REVUE: Repository for Variants with Unexpected Effects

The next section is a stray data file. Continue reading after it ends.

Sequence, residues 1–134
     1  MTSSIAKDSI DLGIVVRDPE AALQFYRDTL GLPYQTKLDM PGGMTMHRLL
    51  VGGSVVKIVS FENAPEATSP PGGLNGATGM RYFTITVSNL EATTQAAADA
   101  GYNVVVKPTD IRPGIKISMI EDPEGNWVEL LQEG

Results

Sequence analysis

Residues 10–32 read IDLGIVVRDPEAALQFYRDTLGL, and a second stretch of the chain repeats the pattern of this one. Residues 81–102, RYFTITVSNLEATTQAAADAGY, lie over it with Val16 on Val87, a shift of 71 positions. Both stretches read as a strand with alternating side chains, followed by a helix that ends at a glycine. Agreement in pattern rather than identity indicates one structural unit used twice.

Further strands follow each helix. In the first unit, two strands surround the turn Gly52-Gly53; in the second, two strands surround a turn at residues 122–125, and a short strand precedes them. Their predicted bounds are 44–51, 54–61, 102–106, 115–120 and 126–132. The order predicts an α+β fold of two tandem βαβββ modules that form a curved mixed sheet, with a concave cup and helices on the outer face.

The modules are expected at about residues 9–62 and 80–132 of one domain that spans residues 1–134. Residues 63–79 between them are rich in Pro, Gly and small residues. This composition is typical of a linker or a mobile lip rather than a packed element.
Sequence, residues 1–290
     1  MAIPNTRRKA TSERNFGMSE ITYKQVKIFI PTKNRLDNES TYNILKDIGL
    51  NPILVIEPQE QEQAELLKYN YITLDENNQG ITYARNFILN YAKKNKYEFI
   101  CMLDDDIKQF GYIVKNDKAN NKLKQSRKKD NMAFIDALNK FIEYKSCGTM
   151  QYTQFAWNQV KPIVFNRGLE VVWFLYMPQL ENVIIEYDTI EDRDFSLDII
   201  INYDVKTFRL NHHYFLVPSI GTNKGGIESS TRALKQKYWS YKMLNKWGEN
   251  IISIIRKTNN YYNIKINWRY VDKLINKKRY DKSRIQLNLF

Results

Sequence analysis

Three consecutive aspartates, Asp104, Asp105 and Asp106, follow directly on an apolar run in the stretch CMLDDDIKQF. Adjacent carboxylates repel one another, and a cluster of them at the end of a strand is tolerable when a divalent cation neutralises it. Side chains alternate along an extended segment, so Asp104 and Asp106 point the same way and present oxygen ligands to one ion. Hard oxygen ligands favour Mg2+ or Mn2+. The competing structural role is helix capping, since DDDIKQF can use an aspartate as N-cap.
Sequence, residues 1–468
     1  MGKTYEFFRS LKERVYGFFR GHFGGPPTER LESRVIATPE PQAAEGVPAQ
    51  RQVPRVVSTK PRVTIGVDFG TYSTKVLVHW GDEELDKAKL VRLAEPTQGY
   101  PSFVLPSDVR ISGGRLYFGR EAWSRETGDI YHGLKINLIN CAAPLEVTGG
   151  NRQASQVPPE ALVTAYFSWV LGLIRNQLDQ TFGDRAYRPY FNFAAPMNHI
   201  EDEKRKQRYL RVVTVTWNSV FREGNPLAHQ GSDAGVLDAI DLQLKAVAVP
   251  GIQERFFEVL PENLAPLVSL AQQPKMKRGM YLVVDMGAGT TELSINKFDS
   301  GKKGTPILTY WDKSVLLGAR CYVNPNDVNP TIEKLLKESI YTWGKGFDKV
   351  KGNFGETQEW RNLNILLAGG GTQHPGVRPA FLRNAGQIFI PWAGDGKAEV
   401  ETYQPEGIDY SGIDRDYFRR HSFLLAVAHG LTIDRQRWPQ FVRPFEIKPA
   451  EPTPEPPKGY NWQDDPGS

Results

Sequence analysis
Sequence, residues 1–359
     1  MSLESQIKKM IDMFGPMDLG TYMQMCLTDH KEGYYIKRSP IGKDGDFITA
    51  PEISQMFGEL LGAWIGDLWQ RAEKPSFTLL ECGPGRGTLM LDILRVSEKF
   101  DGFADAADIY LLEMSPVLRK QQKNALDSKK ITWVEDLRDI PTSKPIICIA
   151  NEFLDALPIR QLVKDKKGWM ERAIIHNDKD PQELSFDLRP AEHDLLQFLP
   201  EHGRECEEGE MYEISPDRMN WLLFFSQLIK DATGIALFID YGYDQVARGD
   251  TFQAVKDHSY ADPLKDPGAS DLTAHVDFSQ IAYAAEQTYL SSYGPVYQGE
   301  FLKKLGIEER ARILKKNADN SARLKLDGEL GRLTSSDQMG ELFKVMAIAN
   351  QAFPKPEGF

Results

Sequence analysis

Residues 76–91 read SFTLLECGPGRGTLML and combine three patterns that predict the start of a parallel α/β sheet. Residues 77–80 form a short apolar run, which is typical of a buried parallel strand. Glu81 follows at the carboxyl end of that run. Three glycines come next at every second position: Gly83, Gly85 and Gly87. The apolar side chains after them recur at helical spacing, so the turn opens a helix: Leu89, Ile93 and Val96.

Clinical sequencing of tumor samples has emerged as a component of routine cancer care. By identifying genomic alterations that contribute to tumor initiation or progression, clinical sequencing may be used to identify predictive biomarkers of drug response, refine patient cancer diagnoses, assess heritable cancer risk, or inform patient prognosis. Most genomic alterations are accurately annotated with tools such as the Variant Effect Predictor (VEP)1 that infer their effects on the mRNA and protein by following basic rules of transcription, mRNA post-transcriptional processing, and translation. For example, most single nucleotide changes in coding regions of the DNA lead to missense mutations, nonsense mutations, frameshift insertions or deletions at the protein level, which may hyperactivate or inactivate the protein. However, some genomic variants are not as easily captured by these rules, which can cause inappropriate or unclear annotation of the protein effect. For example, a variant that alters an existing splice site or creates a new one can inactivate or activate the protein and, similarly, specific mutations in the non-coding promoter region of a gene may de-regulate gene expression. Collectively, we term these variants “variants with unexpected effects (VUE)”. While many of these are functionally characterized and documented in the literature, there is currently no centralized database that identifies, curates, and programmatically stores these events, enabling their annotation during routine clinical cancer genomic sequencing. Certain VUEs may have therapeutic implications, which, if mis-annotated may lead to suboptimal treatment decisions for individual patients with cancer. For example, in-frame KIT exon 11 deletions are recurrent in patients with gastrointestinal stromal tumors (GIST) and are biomarkers for the use of imatinib as first-line therapy. About 2-3% of GIST tumors harbor KIT exon 11 deletions that extend into the non-coding intron between exons 10 and 11. Although these events have been shown to cause in-frame deletions, they are typically misclassified as inactivating splice site mutations, precluding patients carrying these mutations from receiving standard care imatinib. To address this unmet clinical need, we are building a novel bioinformatic application, REVUE, a REpository for Variants with Unexpected Effects. The application will curate and store all VUE relevant information, be freely accessible via an intuitive website and through an application programming interface (API), and will accept feedback and submission of new VUEs from the cancer genomics community. It will be an important resource for clinical bioinformatic pipelines to accurately annotate all DNA mutations, with important implications for the subset of patients with cancers harboring VUEs.